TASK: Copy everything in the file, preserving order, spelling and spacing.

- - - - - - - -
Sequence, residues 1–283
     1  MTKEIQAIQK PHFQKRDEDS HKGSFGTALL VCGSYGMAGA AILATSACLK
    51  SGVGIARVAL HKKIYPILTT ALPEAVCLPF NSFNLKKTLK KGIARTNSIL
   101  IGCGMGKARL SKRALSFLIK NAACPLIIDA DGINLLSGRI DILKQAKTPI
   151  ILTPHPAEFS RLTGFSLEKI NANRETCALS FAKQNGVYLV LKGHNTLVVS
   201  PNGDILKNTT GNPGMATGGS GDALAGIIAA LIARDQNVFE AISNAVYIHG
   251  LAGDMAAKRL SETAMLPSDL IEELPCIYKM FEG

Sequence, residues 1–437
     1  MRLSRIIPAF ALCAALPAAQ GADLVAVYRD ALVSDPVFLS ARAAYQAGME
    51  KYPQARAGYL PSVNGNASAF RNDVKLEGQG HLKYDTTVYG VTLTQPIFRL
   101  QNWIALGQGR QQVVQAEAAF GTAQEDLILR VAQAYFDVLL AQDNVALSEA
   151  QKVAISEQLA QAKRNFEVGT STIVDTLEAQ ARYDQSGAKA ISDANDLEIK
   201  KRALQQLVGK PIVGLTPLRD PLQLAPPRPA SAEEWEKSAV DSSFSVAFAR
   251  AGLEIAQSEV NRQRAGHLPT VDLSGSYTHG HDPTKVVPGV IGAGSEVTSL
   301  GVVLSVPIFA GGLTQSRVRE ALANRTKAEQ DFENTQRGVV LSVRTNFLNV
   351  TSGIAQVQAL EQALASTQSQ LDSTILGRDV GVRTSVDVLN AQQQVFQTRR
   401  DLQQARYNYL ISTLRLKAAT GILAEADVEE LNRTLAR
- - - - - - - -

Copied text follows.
Sequence, residues 1–283
     1  MTKEIQAIQK PHFQKRDEDS HKGSFGTALL VCGSYGMAGA AILATSACLK
    51  SGVGIARVAL HKKIYPILTT ALPEAVCLPF NSFNLKKTLK KGIARTNSIL
   101  IGCGMGKARL SKRALSFLIK NAACPLIIDA DGINLLSGRI DILKQAKTPI
   151  ILTPHPAEFS RLTGFSLEKI NANRETCALS FAKQNGVYLV LKGHNTLVVS
   201  PNGDILKNTT GNPGMATGGS GDALAGIIAA LIARDQNVFE AISNAVYIHG
   251  LAGDMAAKRL SETAMLPSDL IEELPCIYKM FEG

Sequence, residues 1–437
     1  MRLSRIIPAF ALCAALPAAQ GADLVAVYRD ALVSDPVFLS ARAAYQAGME
    51  KYPQARAGYL PSVNGNASAF RNDVKLEGQG HLKYDTTVYG VTLTQPIFRL
   101  QNWIALGQGR QQVVQAEAAF GTAQEDLILR VAQAYFDVLL AQDNVALSEA
   151  QKVAISEQLA QAKRNFEVGT STIVDTLEAQ ARYDQSGAKA ISDANDLEIK
   201  KRALQQLVGK PIVGLTPLRD PLQLAPPRPA SAEEWEKSAV DSSFSVAFAR
   251  AGLEIAQSEV NRQRAGHLPT VDLSGSYTHG HDPTKVVPGV IGAGSEVTSL
   301  GVVLSVPIFA GGLTQSRVRE ALANRTKAEQ DFENTQRGVV LSVRTNFLNV
   351  TSGIAQVQAL EQALASTQSQ LDSTILGRDV GVRTSVDVLN AQQQVFQTRR
   401  DLQQARYNYL ISTLRLKAAT GILAEADVEE LNRTLAR